V2O3 0.51 0.66 0.59 0.57 0.61 0.61 0.58 0.58 0.57 0.59 0.53

Fe2O3 27.78 28.88 22.15 24.09 31.69 31.69 31.78 13.75 27.37 33.49 28.91

FeO 29.27 37.48 21.92 23.53 32.72 32.72 34.87 22.67 28.15 37.10 28.55

MnO 1.29 2.20 1.06 1.06 1.77 1.77 1.99 1.27 1.21 2.07 1.35

MgO 7.22 4.23 12.98 11.94 7.16 7.16 4.89 10.85 9.55 3.92 8.34

CaO 0.00 0.31 0.00 0.00 0.00 0.00 0.04 0.00 0.02 0.00 0.00

ZnO 0.24 0.35 0.23 0.22 0.34 0.34 0.42 0.25 0.24 0.34 0.26

Total 99.19 99.76 100.44 100.19 100.97 100.97 101.42 100.07 101.39 99.57 100.78

Cations for 32 oxygen atoms

Si 0.000 0.000 0.000 0.000 0.000 0.000 0.000 0.000 0.000 0.000 0.000

Ti 2.283 3.530 2.293 2.361 3.103 3.103 2.859 1.717 2.558 3.269 2.326

Al 1.542 1.275 1.693 1.579 1.156 1.156 1.290 2.374 1.647 1.203 1.778

Cr 3.889 1.264 5.169 4.703 1.847 1.847 2.115 7.306 3.539 0.816 3.485

V 0.116 0.153 0.126 0.124 0.137 0.137 0.130 0.123 0.123 0.138 0.117

Fe(III) 5.888 6.248 4.426 4.874 6.653 6.653 6.746 2.762 5.575 7.306 5.968

Fe(II) 6.893 9.011 4.869 5.289 7.636 7.636 8.226 5.063 6.370 8.995 6.549

Mn 0.307 0.535 0.238 0.241 0.419 0.419 0.476 0.286 0.277 0.508 0.314

Mg 3.033 1.814 5.140 4.788 2.979 2.979 2.057 4.319 3.855 1.694 3.409

Ca 0.000 0.096 0.000 0.000 0.000 0.000 0.013 0.000 0.007 0.000 0.000

Zn 0.049 0.074 0.046 0.043 0.070 0.070 0.088 0.050 0.049 0.072 0.053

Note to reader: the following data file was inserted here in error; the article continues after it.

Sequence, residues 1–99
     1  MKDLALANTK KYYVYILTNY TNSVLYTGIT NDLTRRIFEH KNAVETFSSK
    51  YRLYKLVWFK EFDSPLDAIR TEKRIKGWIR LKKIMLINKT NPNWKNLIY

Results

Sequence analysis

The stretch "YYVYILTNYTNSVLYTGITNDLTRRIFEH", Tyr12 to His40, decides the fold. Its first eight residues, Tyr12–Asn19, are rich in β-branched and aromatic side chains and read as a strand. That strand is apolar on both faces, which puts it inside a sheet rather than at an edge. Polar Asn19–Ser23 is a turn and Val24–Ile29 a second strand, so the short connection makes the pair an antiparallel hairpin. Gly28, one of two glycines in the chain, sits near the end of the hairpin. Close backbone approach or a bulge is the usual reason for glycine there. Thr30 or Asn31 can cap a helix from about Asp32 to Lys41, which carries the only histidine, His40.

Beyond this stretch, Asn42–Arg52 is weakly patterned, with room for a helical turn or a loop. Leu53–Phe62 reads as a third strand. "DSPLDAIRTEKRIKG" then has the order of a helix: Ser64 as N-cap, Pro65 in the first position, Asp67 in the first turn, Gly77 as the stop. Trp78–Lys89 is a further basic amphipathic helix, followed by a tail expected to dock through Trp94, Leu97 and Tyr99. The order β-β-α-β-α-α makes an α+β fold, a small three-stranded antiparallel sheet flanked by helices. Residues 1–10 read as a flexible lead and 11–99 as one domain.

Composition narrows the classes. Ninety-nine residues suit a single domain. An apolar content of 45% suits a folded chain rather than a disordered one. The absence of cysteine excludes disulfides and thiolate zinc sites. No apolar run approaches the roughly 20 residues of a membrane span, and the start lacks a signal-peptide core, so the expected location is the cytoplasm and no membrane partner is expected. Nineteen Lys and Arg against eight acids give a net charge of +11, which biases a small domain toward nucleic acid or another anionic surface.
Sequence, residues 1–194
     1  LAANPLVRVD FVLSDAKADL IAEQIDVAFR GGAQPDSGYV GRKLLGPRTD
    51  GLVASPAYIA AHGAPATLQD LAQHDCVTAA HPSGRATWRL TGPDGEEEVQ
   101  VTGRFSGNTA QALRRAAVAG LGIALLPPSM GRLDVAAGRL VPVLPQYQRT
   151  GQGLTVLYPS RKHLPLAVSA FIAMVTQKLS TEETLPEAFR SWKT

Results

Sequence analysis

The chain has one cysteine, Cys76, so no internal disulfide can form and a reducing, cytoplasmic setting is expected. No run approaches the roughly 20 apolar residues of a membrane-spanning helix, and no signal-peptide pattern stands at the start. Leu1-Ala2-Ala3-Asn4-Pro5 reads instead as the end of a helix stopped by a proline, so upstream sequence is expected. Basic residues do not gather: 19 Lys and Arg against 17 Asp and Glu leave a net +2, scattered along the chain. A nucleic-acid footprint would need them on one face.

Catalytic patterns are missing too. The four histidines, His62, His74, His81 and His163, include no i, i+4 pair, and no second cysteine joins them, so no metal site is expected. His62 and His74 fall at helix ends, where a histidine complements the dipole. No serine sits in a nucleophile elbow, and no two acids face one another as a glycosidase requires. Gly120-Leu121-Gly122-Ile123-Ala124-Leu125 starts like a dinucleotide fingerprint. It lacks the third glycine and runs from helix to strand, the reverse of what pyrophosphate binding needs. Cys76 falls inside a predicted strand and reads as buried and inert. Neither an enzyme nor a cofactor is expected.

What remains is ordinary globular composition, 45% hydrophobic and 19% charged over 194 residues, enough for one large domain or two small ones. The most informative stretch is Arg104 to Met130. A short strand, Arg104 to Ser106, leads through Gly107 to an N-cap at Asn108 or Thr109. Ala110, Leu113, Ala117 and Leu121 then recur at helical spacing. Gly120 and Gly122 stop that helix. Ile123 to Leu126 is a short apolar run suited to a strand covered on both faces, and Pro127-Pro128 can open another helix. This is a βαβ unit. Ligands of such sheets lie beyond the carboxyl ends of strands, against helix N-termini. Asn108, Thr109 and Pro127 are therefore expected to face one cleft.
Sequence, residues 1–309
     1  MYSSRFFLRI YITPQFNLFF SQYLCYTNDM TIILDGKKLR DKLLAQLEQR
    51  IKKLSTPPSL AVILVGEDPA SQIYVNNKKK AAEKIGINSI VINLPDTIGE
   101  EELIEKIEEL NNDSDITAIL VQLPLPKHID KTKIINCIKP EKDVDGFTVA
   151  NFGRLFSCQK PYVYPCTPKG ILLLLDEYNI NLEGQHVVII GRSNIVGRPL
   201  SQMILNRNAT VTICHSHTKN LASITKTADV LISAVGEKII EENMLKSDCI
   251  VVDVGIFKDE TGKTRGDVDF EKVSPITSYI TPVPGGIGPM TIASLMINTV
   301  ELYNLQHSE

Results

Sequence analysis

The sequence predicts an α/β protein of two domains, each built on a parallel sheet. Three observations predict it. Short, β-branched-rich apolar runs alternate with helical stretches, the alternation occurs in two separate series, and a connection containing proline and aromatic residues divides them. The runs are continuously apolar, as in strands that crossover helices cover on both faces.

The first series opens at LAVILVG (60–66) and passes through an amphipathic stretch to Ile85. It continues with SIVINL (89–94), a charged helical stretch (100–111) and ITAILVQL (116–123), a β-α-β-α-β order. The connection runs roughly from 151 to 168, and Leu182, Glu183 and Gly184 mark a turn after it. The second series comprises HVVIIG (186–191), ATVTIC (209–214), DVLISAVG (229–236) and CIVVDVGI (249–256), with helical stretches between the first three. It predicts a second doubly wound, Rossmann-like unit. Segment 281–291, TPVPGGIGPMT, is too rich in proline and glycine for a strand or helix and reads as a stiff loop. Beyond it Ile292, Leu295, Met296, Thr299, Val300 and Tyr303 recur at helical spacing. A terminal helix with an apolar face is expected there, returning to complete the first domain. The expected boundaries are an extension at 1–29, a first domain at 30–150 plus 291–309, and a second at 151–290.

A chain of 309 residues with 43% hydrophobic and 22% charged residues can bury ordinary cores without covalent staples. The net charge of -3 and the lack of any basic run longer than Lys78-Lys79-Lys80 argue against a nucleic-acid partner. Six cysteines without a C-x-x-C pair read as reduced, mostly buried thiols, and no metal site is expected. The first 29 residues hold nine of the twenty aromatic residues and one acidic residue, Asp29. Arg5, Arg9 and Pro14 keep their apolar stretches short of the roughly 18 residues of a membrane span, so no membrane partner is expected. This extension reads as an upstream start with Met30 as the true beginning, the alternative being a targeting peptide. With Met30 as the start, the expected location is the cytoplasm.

Total 24 24 24 24 24 24 24 24 24 24 24

Ti/(TiþCrþAl) 0.30 0.58 0.25 0.27 0.51 0.51 0.46 0.15 0.33 0.62 0.31

Fe/(FeþMg) 0.69 0.83 0.49 0.52 0.72 0.72 0.80 0.54 0.62 0.84 0.66

Oxide 12 13 14 15 16 17 18 19 20 21 22 23 24 25

SiO2 0.00 0.27 0.00 0.18 0.00 0.00 0.00 0.00 0.32 0.00 0.00 0.00 0.00 0.00

TiO2 11.57 12.94 14.49 11.82 10.37 8.42 7.66 11.35 8.36 15.11 13.31 11.93 8.63 8.19

Al2O3 5.14 4.15 2.92 3.68 6.32 8.51 7.00 5.84 6.03 4.34 4.97 4.53 7.59 6.56

Cr2O3 19.13 11.83 3.58 12.11 25.81 36.33 35.58 22.75 30.90 9.53 14.48 16.71 34.74 35.63

V2O3 0.55 0.59 0.61 0.53 0.57 0.63 0.56 0.61 0.53 0.70 0.65 0.60 0.61 0.61

Fe2O3 25.89 29.68 33.32 32.05 20.24 11.41 15.11 22.69 18.58 27.70 27.23 27.91 13.23 13.95

FeO 27.77 33.20 40.48 32.47 25.35 21.75 22.53 26.65 23.61 34.20 28.83 27.24 22.25 22.32

MnO 1.24 1.86 2.30 1.67 1.27 1.21 1.22 1.08 1.18 1.99 1.19 1.10 1.15 1.17

MgO 9.05 5.90 1.05 5.71 10.01 11.46 10.33 10.00 10.23 6.10 9.31 9.43 11.15 10.69

CaO 0.00 0.13 0.00 0.00 0.00 0.12 0.17 0.00 0.00 0.10 0.00 0.01 0.04 0.00

ZnO 0.25 0.36 0.47 0.37 0.25 0.22 0.23 0.24 0.26 0.37 0.24 0.25 0.22 0.24

Total 100.59 100.92 99.23 100.58 100.20 100.07 100.40 101.22 100.00 100.14 100.20 99.71 99.61 99.36

Cations for 32 oxygen atoms

Si 0.000 0.077 0.000 0.050 0.000 0.000 0.000 0.000 0.086 0.000 0.000 0.000 0.000 0.000

Ti 2.380 2.729 3.251 2.513 2.111 1.675 1.544 2.295 1.700 3.203 2.745 2.476 1.735 1.666

Al 1.655 1.372 1.028 1.227 2.016 2.652 2.209 1.850 1.923 1.440 1.607 1.474 2.393 2.089

Cr 4.136 2.622 0.843 2.707 5.519 7.595 7.536 4.837 6.608 2.124 3.140 3.645 7.345 7.612

V 0.120 0.133 0.146 0.119 0.123 0.133 0.120 0.132 0.115 0.157 0.142 0.133 0.131 0.131

Fe(III) 5.329 6.262 7.480 6.820 4.120 2.271 3.047 4.590 3.781 5.874 5.620 5.795 2.662 2.837

Fe(II) 6.351 7.785 10.097 7.678 5.735 4.809 5.047 5.993 5.340 8.059 6.614 6.286 4.976 5.045

Mn 0.286 0.441 0.582 0.399 0.290 0.271 0.277 0.246 0.271 0.474 0.276 0.258 0.260 0.268

Mg 3.691 2.466 0.468 2.409 4.036 4.519 4.127 4.010 4.124 2.561 3.807 3.878 4.444 4.305

Ca 0.000 0.039 0.000 0.000 0.000 0.033 0.047 0.000 0.000 0.032 0.000 0.004 0.010 0.000